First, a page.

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Hold on to enduring hope

Tulip in the snow

Reflecting on Easter, Faith Timmons encourages us to trust in the resurrection hope we find in Jesus Christ when we experience fear and uncertainty.

Michigan Conference Communications

There’s something refreshing and exciting about the first signs of spring. It’s like the world around us comes to life as winter thaws. But too soon of a start can be discouraging for those who are worried about flowers.

My perennials started peeking out of the soil as early as January. What if they bloom, only to freeze when it snows again? The timing seemed off, and it was! By Holy Week, the vibrant green leaves of our tulips and daffodils were on display. The ground, however, was covered by about two inches of snow.

How will they survive? Will they die, I wondered. Why didn’t I cover them carefully after my first inkling that the frigid cold would return? Thankfully, there isn’t much to worry about in the long term. These hardy bulbs are known to return year after year. If the budding flowers don’t make it, they’ll return next spring, hopefully bursting forth with color!

Flowers are temporary, anyway. 1 Peter 1:24 notes how they bloom, and then they’re gone. Bulbs revive. Bulbs typically outlive above-ground conditions that may kill off flowers. Yet, growing bulbs is a commitment that requires delayed gratification. Once planted, it’ll be nine months before you see any signs of life. Thankfully, blooms appear annually when we crave color the most. That long-term investment proves to be worth it, again and again.

The same is true of our faith in the risen Christ despite many disturbing circumstances in the world around us. Celebrating Jesus’ resurrection and the hope of eternal life offers refreshing renewal. As we embrace the promise of life after death, we are reminded that even situations with little to no evidence of potential for resolution have an ultimate solution. The answer lies in Jesus Christ.

He conquered death when he rose from the grave. He appeared alive again to men who were hiding in fear after his crucifixion. His return proved that even death and the grave could not hold him. No woes are ultimately more threatening and final than those two. Yet, Jesus rose to life, offering every disciple the same promise. That is the sentiment of these lyrics of the hymn “My Hope Is Built”:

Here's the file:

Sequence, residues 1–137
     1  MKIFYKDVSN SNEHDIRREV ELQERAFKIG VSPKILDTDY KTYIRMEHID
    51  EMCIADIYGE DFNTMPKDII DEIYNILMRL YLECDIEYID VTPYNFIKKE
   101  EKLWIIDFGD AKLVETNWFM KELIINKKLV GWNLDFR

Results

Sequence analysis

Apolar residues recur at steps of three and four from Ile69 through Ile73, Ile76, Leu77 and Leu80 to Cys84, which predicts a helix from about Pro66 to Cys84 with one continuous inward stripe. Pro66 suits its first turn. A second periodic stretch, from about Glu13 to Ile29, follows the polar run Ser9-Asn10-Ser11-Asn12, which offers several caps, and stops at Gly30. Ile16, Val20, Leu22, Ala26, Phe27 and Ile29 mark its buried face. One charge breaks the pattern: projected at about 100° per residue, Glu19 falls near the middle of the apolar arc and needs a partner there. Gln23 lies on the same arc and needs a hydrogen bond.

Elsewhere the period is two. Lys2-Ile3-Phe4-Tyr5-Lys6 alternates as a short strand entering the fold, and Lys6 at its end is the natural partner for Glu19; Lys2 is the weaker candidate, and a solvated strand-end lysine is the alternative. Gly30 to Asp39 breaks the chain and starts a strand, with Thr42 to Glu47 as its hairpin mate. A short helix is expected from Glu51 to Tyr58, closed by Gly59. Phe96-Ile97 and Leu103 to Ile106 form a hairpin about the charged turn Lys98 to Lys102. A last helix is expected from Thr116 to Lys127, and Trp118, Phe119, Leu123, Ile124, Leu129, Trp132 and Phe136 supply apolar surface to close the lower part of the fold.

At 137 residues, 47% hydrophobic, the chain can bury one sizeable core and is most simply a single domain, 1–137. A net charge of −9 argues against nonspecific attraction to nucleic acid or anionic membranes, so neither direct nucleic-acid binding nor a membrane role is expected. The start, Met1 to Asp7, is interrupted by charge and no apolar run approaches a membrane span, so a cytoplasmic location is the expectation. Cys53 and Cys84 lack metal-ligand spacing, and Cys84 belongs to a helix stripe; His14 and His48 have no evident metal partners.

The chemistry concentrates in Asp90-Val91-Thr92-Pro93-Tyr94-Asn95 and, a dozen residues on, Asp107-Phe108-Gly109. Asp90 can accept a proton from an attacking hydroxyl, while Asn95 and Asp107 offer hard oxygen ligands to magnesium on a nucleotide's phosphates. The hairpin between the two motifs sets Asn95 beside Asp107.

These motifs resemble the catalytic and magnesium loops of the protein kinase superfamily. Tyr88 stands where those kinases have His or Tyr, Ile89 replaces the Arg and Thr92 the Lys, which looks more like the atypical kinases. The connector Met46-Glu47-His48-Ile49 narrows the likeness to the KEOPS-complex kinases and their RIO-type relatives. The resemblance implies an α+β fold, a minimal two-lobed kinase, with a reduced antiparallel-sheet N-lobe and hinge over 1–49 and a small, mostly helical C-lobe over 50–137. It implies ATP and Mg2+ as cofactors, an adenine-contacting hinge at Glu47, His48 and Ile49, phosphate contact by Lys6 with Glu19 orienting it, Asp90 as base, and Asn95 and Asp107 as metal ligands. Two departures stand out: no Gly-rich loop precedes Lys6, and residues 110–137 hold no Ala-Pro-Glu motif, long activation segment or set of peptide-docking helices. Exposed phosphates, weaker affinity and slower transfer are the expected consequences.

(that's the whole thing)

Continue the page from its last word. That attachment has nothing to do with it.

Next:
When darkness veils his lovely face,
I rest on his unchanging grace.
In every high and stormy gale,
my anchor holds within the veil.

His oath, his covenant, his blood
support me in the whelming flood.
When all around my soul gives way,
he then is all my hope and stay.

Edward Mote penned these lyrics as a young teen and shared them with the dying wife of a close friend. They offered her precious peace, and her response gave Edward strong encouragement. He finished the entire song within hours and soon had it published. Amazingly, a woman on her deathbed helped ensure the birth of this hymn that lives on over 200 years later. Our Christian faith offers enduring hope.

It wasn’t impending death but anxiety over a new life that troubled Gloria Gaither. As a way of self-soothing, she sat down and wrote. What flowed from her heart were comforting lyrics now known as the popular hymn “Because He Lives.” She felt overwhelmed by the prospects of raising her newborn son amid the turmoil and unrest of the 1970s. She penned these lyrics while holding an infant in her arms:

How sweet to hold a newborn baby,
and feel the pride and joy he gives;
but greater still the calm assurance,
this child can face uncertain days because he lives.

Holding fast to her faith is how Gloria Gaither fought off nearly overwhelming fears about the future. She found solace in singing when worry threatened to stymie her joy. She found peace by considering God’s faithfulness in the past. Concerns loomed over present circumstances in the world around her, so she clung to what was rooted deep within her heart. Not knowing what tomorrow had in store, she had to take a back seat to her faith and trust in the One who holds the future: